When selecting a reed switch for a specific application, one of several concerns is to determine how much load current the switch will be required to handle. If one is just switching a low-current signal, this is generally not a concern, as almost any reed switch can handle at least 100mA.
However, when switching a few hundred milliamps, or more, it begins to become an issue. When looking at the electrical ratings in a reed switch datasheet, one finds at least two different specifications for current:
At first, it may seem odd to have two different current specifications, and for some reed switches, these two values are the same. However, for many reed switches, the switching current is a lower value than the carry current.
So, what is the difference between switching current and carry current, and why does it matter?
Switching current is the current the reed switch’s internal contacts pass when they first make contact and the current they interrupt when the contacts open. Carry current is the steady-state current the reed switch passes once the contact closure has stabilized. The reason switching current is often a lower value, is that arcing can occur as the contacts approach each other or separate from each other, which can cause degradation of the contact material, and in extreme cases, can actually weld the contacts together. Once the contact closure is made, there is no opportunity for arcing to occur, as there is no gap between the contacts.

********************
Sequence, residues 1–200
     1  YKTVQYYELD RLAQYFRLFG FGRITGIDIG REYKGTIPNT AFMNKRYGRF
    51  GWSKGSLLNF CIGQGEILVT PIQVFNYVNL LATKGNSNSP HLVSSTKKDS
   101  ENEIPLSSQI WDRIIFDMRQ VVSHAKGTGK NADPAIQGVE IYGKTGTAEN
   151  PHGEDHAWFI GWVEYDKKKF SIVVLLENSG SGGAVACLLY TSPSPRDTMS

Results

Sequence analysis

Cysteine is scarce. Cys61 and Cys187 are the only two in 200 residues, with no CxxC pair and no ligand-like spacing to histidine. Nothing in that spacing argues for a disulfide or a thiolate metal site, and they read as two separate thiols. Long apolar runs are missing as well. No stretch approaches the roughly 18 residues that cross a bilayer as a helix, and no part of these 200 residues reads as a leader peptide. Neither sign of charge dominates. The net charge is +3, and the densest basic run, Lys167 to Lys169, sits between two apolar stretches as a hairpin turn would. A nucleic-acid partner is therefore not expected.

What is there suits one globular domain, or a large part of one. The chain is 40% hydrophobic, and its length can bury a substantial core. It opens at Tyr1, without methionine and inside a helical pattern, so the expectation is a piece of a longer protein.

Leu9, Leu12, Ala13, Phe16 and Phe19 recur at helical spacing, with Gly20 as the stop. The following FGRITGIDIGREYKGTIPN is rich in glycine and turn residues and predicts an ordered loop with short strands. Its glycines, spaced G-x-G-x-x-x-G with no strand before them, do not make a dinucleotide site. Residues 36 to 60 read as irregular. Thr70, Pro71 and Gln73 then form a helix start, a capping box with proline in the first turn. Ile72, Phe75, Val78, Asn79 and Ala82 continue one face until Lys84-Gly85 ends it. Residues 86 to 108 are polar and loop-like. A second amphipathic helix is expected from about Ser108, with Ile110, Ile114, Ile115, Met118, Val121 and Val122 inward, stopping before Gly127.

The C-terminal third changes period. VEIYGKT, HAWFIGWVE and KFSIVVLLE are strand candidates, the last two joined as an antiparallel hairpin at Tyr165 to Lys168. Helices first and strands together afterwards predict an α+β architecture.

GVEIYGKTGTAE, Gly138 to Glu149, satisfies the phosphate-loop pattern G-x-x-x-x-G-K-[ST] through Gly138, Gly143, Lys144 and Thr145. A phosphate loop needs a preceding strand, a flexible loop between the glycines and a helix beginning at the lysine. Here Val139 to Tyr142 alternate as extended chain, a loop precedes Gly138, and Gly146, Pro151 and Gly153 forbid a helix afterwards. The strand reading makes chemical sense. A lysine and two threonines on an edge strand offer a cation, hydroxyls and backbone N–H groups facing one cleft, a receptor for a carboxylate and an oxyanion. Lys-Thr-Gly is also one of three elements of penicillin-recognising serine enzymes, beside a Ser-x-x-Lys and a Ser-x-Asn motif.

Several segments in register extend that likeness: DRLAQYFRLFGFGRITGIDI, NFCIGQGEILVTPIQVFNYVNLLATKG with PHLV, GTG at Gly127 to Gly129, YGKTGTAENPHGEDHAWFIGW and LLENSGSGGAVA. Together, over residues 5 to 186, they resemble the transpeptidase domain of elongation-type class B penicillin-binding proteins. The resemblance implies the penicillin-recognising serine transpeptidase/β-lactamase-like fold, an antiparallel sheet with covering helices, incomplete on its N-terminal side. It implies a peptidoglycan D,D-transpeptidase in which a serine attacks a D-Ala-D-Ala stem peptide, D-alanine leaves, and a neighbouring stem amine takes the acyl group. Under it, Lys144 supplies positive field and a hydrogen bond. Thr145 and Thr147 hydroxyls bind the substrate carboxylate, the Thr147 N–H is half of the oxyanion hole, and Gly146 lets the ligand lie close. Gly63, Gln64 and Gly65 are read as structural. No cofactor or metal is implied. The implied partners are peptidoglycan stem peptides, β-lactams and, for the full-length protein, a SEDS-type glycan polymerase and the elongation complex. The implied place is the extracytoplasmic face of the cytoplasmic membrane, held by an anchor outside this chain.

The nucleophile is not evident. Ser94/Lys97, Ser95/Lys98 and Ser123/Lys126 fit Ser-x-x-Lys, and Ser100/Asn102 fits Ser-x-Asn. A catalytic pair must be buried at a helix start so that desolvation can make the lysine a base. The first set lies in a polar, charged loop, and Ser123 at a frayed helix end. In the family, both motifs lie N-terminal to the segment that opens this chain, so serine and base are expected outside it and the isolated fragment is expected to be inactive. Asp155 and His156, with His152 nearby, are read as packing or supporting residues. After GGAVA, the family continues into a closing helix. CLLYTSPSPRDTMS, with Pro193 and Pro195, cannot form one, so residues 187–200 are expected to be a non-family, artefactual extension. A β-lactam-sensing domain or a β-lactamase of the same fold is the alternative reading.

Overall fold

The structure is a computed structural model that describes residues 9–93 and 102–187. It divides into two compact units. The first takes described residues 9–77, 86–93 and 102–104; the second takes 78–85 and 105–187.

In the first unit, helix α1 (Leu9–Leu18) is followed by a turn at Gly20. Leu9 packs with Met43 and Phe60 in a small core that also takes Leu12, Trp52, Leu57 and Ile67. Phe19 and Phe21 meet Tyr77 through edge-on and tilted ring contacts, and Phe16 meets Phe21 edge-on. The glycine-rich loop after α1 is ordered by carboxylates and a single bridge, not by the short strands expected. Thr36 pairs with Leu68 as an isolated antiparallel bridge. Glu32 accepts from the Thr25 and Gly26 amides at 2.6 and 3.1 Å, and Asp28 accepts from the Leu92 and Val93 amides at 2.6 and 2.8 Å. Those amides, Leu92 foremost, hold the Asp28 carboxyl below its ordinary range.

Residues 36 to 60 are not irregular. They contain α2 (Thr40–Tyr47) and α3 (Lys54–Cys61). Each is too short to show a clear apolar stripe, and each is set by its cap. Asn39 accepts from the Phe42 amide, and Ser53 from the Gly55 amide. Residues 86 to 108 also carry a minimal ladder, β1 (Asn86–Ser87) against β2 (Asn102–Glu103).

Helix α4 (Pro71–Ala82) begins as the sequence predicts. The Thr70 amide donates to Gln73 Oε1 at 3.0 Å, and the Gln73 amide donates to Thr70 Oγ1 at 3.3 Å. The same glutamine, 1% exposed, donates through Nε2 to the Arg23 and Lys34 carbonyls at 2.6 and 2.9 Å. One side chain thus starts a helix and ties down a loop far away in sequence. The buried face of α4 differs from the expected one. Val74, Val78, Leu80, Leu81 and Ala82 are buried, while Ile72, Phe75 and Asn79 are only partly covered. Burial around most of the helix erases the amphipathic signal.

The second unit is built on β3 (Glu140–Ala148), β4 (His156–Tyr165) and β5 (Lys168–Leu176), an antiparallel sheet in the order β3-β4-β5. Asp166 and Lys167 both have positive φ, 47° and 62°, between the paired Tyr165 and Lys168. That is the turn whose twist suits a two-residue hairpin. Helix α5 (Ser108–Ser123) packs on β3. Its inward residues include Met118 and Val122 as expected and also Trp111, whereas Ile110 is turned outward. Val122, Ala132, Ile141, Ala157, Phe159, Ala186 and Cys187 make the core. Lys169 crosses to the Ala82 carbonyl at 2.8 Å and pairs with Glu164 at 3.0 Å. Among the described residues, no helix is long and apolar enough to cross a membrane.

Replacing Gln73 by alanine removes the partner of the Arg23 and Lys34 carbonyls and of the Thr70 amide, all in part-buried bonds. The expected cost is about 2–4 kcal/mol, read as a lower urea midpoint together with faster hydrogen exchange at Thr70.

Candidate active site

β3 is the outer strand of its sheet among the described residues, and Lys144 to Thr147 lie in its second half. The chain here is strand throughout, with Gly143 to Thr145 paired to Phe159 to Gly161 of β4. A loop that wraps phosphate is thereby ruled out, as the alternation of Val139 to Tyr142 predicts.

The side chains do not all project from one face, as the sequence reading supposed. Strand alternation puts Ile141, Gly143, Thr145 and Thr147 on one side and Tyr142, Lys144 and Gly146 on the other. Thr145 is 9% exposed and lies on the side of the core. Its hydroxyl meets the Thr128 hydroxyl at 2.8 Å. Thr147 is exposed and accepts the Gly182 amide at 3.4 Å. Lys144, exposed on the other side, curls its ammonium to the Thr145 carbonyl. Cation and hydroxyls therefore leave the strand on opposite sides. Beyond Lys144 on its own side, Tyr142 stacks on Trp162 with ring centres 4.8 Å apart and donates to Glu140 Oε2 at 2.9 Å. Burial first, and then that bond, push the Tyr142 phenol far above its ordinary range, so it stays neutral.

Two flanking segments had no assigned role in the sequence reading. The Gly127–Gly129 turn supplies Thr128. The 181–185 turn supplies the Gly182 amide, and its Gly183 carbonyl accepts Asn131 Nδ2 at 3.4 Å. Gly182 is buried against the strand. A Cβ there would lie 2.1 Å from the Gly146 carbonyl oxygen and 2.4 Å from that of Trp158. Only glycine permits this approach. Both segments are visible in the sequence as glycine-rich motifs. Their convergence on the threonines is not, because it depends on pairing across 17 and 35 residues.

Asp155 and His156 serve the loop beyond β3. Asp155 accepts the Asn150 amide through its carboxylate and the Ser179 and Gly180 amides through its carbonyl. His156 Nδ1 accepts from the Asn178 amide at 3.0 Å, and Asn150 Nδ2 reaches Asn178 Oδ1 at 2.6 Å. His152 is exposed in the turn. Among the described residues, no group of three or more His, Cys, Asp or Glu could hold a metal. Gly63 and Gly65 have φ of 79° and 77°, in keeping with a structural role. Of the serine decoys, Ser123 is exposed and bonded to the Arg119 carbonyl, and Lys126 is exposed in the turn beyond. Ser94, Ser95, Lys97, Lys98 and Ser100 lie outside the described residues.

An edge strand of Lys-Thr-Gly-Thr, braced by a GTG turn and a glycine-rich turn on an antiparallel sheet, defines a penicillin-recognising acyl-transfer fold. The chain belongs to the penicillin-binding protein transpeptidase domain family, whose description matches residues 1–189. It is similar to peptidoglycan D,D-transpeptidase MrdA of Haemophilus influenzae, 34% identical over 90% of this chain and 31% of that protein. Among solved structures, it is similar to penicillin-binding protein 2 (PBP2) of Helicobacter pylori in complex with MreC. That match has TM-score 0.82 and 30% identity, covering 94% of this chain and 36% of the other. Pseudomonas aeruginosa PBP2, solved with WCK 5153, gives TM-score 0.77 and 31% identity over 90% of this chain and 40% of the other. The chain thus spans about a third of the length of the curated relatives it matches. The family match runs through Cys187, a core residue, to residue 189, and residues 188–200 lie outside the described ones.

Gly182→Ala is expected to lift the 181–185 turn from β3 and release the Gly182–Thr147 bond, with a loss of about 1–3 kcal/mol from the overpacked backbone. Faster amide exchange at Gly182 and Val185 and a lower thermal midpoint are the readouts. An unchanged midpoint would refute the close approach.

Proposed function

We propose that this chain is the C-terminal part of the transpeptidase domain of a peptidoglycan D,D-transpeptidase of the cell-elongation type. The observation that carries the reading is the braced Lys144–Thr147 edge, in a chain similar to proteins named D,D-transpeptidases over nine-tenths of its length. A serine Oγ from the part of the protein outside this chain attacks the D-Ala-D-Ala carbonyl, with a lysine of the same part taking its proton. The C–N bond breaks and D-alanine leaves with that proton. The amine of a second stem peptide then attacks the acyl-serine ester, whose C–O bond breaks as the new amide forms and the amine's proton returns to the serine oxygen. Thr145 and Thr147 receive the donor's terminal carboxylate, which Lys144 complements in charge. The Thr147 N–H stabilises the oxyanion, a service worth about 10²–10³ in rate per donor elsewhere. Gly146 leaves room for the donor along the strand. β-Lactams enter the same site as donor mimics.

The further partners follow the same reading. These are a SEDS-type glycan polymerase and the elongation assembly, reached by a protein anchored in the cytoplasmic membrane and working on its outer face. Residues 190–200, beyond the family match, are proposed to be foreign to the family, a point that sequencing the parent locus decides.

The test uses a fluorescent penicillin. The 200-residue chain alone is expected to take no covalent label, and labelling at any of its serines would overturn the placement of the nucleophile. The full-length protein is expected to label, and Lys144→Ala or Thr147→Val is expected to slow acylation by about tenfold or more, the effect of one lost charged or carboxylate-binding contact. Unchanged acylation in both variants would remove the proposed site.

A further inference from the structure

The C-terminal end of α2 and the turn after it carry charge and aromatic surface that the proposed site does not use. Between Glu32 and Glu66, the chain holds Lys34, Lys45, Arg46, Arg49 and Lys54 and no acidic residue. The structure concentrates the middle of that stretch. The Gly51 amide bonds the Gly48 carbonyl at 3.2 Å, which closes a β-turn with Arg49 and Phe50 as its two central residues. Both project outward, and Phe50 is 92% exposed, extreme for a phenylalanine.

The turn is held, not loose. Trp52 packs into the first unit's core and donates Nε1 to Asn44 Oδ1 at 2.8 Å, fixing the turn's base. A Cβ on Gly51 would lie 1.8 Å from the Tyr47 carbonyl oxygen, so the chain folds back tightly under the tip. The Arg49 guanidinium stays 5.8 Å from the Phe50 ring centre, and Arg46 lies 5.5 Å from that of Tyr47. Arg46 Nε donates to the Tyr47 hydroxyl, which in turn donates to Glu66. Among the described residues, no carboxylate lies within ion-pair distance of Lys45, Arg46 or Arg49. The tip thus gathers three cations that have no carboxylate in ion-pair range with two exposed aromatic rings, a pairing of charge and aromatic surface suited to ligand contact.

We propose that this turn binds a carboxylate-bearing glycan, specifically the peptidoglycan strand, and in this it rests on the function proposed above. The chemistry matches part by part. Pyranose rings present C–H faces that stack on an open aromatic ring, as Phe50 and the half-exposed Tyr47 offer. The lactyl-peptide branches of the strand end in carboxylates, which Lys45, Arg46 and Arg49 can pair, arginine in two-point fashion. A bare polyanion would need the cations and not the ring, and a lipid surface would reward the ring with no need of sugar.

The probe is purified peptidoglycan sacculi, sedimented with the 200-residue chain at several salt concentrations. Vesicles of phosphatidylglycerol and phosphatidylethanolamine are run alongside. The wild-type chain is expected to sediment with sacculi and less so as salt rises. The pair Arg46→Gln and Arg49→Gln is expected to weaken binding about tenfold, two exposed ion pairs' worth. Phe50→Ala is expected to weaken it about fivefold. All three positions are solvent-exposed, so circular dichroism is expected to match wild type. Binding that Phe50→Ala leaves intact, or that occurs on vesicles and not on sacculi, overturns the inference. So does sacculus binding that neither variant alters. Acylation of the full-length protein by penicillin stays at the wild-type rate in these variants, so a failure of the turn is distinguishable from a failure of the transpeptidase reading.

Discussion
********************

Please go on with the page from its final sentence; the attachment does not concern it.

For most applications, the current the switch will be required to handle is the same, or higher, during the switching events than during stead-state operation. Therefore, when searching for a suitable reed switch, most designs should focus on the switching current rather than the carry current.